LENTEN DEVOTION: The Fig Tree by Johann Ernst von Holst

Morning and Evening Devotions for the Holy Season of Lent

The Fig Tree by Johann Ernst von Holst

From The Crucified Is My Love

In the morning, as he was returning to the city, he became hungry.  And seeing a fig tree by the wayside, he went to it and found nothing on it but only leaves.  And he said to it, “May no fruit ever come from you again!”  And the fig tree withered at once.  When the disciples saw it, they marveled, saying, “How did the fig tree wither at once?”  And Jesus answered them, “Truly, I say to you, if you have faith and do not doubt, you will not only do what has been done to the fig tree, but even if you say to this mountain, ‘Be taken up and thrown into the sea,’ it will happen.  And whatever you ask in prayer, you will receive, if you have faith.” (Matthew 21:18-22)

After the Lord had made his entry into Jerusalem, cleansed the temple, spoken powerful words to the people, and healed the blind and the lame (conscious all the time of the wrath of his enemies), he returned in the evening to peaceful Bethany.  The next morning he returned to the royal city.  His soul was filled with sorrowful thoughts as he walked with his disciples through the fig grove of Bethphage, and the pinnacles of the lost city rose again before his eyes.  Most of the crowd who had hailed him on Psalm Sunday were pilgrims coming to the festival; the citizens of Jerusalem itself were mostly hostile to the Lord, under the influence of their stubborn leaders.

Now, as he was hungry, he looked for fruit on a fig tree.  Finding no fruit upon it but only leaves, he immediately caused it to wither with his word of authority.  That was a symbolic action, by means of which he wanted to teach his disciples a profound lesson.  The cursed fig tree was a picture of the terrible fate that would befall his people, the city of Jerusalem, which had been planted in God’s garden.  Since this people, in spite of God’s kindness and patience, and in spite of outward religious services and sacrifices, still did not bring forth the fruits of repentance and of faith, it had to fall under judgment.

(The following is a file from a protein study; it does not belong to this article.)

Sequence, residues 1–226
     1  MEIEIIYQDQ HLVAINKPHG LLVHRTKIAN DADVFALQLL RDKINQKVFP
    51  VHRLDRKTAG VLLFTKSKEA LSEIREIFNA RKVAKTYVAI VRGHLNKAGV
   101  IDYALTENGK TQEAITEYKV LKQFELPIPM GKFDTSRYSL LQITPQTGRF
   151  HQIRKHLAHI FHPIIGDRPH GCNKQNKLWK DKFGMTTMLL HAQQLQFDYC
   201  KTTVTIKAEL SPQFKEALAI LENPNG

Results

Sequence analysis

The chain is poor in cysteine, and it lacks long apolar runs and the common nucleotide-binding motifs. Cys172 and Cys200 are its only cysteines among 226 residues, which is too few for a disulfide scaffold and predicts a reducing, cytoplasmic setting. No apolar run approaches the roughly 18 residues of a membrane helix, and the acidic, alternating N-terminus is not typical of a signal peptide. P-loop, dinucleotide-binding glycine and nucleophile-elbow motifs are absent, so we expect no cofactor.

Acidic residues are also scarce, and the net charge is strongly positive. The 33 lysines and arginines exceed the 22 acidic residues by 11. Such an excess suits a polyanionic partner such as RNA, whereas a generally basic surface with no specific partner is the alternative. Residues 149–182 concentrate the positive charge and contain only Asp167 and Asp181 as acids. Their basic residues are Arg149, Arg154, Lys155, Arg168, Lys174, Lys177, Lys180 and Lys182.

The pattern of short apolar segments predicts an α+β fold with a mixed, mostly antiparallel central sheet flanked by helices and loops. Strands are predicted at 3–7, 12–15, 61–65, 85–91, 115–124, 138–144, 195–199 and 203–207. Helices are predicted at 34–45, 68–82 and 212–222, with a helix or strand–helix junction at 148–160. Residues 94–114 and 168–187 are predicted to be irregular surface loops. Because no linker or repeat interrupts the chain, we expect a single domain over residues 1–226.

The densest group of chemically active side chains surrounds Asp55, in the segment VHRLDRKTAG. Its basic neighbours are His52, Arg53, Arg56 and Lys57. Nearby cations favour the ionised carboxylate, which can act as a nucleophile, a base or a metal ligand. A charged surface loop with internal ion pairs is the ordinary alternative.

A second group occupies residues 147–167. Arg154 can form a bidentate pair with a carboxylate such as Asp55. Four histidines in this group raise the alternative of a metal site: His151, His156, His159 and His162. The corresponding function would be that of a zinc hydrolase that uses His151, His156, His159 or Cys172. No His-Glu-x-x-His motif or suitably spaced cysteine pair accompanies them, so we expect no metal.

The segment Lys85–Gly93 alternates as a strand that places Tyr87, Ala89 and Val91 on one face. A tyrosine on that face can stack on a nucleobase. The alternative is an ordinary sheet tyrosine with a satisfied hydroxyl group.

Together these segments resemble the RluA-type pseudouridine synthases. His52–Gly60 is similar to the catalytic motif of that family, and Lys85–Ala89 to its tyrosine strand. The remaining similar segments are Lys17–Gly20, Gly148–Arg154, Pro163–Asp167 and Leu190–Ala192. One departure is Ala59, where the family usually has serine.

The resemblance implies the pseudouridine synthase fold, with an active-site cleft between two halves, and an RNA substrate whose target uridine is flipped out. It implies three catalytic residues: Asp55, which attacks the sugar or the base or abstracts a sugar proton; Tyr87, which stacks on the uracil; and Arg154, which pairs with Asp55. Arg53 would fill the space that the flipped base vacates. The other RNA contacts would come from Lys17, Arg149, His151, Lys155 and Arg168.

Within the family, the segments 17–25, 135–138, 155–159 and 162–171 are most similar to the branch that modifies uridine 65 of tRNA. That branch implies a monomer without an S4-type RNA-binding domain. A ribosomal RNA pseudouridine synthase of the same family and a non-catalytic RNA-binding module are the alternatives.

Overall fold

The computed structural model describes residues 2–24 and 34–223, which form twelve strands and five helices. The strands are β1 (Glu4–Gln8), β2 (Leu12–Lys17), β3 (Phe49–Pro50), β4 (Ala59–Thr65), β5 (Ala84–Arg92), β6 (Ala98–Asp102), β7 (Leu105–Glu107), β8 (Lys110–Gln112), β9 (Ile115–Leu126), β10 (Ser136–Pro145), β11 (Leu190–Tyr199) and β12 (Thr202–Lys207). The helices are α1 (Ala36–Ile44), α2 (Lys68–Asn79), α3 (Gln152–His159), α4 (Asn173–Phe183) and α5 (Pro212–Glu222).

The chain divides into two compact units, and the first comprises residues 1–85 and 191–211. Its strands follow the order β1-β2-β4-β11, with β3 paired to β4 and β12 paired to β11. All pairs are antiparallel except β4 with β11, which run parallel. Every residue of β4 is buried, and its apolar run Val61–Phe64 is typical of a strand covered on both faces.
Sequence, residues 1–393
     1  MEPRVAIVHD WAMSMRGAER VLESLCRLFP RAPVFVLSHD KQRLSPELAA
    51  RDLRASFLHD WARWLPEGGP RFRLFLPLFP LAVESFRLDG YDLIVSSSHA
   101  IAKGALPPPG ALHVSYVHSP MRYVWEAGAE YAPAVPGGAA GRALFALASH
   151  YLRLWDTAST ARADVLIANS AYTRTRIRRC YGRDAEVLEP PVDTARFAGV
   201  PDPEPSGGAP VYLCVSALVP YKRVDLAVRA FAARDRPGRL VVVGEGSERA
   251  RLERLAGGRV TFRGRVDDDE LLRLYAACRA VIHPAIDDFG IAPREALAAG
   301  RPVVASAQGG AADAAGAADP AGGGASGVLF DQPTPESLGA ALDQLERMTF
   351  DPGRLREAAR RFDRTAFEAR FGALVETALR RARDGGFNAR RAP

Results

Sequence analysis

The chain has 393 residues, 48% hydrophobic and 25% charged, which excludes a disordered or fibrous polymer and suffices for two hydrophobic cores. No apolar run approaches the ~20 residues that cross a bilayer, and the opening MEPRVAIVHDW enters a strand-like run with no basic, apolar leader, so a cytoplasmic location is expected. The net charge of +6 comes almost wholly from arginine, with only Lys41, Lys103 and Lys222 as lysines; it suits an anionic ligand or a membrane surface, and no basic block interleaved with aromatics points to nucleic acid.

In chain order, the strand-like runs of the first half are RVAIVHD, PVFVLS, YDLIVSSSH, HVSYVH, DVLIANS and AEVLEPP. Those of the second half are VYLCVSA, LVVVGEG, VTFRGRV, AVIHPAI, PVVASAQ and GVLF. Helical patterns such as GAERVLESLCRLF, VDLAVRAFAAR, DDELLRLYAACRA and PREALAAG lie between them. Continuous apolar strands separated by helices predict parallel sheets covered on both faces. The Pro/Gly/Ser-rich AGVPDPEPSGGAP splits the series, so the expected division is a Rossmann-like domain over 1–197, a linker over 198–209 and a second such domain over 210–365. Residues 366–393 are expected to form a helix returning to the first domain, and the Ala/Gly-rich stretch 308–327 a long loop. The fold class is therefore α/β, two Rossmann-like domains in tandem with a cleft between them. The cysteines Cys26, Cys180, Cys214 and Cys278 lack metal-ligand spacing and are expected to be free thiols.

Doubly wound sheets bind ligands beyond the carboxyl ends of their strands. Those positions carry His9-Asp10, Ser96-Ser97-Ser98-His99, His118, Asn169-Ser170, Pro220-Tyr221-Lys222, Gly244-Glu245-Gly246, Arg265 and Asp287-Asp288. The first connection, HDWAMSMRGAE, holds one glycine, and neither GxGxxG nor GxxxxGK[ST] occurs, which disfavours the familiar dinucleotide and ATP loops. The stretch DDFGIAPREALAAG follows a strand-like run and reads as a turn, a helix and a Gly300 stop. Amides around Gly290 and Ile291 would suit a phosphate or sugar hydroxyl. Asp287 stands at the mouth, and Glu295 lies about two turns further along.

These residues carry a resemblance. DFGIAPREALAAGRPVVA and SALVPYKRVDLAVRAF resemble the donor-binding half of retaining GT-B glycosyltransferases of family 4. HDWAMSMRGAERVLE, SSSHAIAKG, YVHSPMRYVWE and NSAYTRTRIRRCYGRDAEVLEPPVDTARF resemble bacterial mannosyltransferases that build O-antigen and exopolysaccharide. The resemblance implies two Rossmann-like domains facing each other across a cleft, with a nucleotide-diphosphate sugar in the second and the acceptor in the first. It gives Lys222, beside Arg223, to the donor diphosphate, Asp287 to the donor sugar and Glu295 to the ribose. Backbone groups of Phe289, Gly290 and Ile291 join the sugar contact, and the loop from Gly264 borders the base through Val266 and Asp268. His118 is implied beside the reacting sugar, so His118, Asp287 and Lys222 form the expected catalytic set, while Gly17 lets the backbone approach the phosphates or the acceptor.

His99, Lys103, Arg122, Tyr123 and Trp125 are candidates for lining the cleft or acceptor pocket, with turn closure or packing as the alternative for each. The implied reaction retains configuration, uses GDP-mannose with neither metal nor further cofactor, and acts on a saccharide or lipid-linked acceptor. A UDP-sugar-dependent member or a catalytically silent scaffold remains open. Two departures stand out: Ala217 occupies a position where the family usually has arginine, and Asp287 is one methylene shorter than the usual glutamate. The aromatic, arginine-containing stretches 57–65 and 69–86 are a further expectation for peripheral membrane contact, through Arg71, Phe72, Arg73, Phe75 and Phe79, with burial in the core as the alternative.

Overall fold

In the same way today the Lord will not be satisfied with the mere leafy decoration of Christian forms, beautiful services, pious words and feelings.  He desires above all the good fruits of a spiritual life: repentance and faith, loving obedience to God in action and in suffering, self-denying love to our neighbor, and conscientious faithfulness in our Earthly and Heavenly calling.  But where do we find these fruits?  How many Christian churches have already fallen under the same curse of withering because they lacked these fruits!  In how many countries and communities are there warning signs of God’s judgment because at the time of their visitation they did not consider what served their peace!

But to those who feel struck by God’s judgment, who do not complain of their enemies or their fate but lament over their own sins and faithfully hold out in living trust in God – to such, God the Lord gives a comforting promise.  In his strength they too shall do what he did to the fig tree.  By holding firmly together in faith and prayer, they shall succeed in making the enemy’s powers that oppose God wither and die away, so that they are no longer able to harm the Lord’s little flock.  Yes, in the power of faith the faithful shall move mountains – the mountains of their worries and needs but most of all the mountains of sin – and cast them into the sea of grace.  Whoever holds firmly and faithfully to the promise and is loyal in the discipleship of Christ will experience the fulfillment of this promise.

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